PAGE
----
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. Last Updated: 07/27/2016

Putin Urges Council To See Russia's Side

KURCHALOI, Chechnya -- Federal forces bombarded roads and footpaths in Chechnya's southern mountains on Monday, trying to prevent rebel raids into Russian-controlled villages, while acting President Vladimir Putin appealed to a European delegation to see Russia's side in the war.

Russian airplanes and artillery pummeled the region of Vedeno, a rebel stronghold deep in the mountains. According to Russian reconnaissance, rebels are active in the region and are planning to storm Russian-held villages.

The federal forces want to prevent any repeat of militants' raids on three Russian-controlled towns earlier this month, which cast doubts on the military's reports of a smooth operation in Chechnya.

Russian troops in the region were jumpy.

"If the Chechens come today, we'll be easily defeated," Alexei Migulin, a Russian soldier stationed in Kurchaloi, said. He said that the 150 troops in the village had enough ammunition to last only 10 minutes.

In Moscow, Putin and other officials met for more than three hours with a delegation from the 41-nation Council of Europe, the continent's highest human-rights body.

He asked for understanding from the international community, and urged that it "base its position not on propaganda materials but on the real situation, facts and trustworthy information."

The delegation, from the council's parliamentary assembly, was setting out on a fact-finding mission in preparation for a special debate Jan. 27 on Chechnya. Some council members have suggested that Russia's membership should be suspended over the military offensive.

The leader of the delegation, Lord Russel-Johnston, said he had expressed the Council of Europe's opposition to the war "most directly" to Putin.

"We want a cease-fire, we want negotiations, we want the intolerable situation with refugees to be stopped," he told the acting president.

Putin said that he, too, wanted to see a quick end to the war, but that the Russians had no serious negotiating partners from the Chechen side, Russel-Johnston told reporters.

Putin also agreed in principle that international human-rights observers should be allowed to operate in Chechnya, and that Russia would be willing to accept such observers in Ingushetia, Russel-Johnston said.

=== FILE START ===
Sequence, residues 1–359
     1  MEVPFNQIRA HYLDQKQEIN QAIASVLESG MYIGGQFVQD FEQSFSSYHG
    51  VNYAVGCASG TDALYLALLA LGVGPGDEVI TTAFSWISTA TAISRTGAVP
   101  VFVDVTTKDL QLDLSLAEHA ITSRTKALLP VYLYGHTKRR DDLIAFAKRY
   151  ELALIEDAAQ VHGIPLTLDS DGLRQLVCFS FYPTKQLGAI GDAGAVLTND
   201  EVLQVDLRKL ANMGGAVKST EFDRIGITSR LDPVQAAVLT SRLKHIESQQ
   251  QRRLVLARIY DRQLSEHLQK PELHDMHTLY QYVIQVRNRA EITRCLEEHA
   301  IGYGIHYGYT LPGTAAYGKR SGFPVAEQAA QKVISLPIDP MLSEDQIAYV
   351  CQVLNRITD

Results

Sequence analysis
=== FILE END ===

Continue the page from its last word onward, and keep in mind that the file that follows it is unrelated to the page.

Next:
The Soldier's Mothers Committee told the delegation Sunday that casualties among Russian troops were much higher than those officially reported.

The group said some 3,000 troops had been killed and 5,000 to 6,000 wounded - in contrast to the military's official figures of more than 600 dead and more than 1,600 wounded.

Meanwhile, Russian warplanes and helicopter gunships unleashed some of the heaviest airstrikes in weeks.

Jets strafed several villages at the entrance to the strategic Argun gorge, which leads through the rebel-held mountains to Georgia. The military said the raids had hit five rebel bases in the mountains and created avalanches to block mountain passes.

Federal aircraft also targeted Grozny.

Lieutenant General Gennady Troshev said Monday that troops would not immediately move into the center of Grozny, since it was suffering an "ecological catastrophe" because of smoke from the endless fires and chemical stores allegedly blown up by the rebels.

The military reported Monday there had been more than 110 air raids in the past 24 hours.

In the southwestern Urus-Martan region, Russian troops opened fire Monday on a bus of refugees, killing the driver and three passengers, eyewitnesses said. It was not known what prompted the shooting, but Nikolai Koshman, the Kremlin's top political representative in Chechnya, vowed the perpetrators would be punished.

"As soon as we find out who did this, they will be shot and killed in public," Koshman said.

The Foreign Ministry denounced the recognition of an independent Chechnya by Afghanistan's Taliban.

Sunday's move by the Taliban, which rules about 90 percent of Afghanistan, is "legally void,'' the ministry said in a statement, according to Itar-Tass.

By recognizing Chechnya, the Taliban "leads to the creation of some sort of a bandit international," the statement said.

Only three countries recognize the Taliban as Afghanistan's government, and the Taliban's decision on Chechnya was the first recognition of the Russian republic as an independent entity.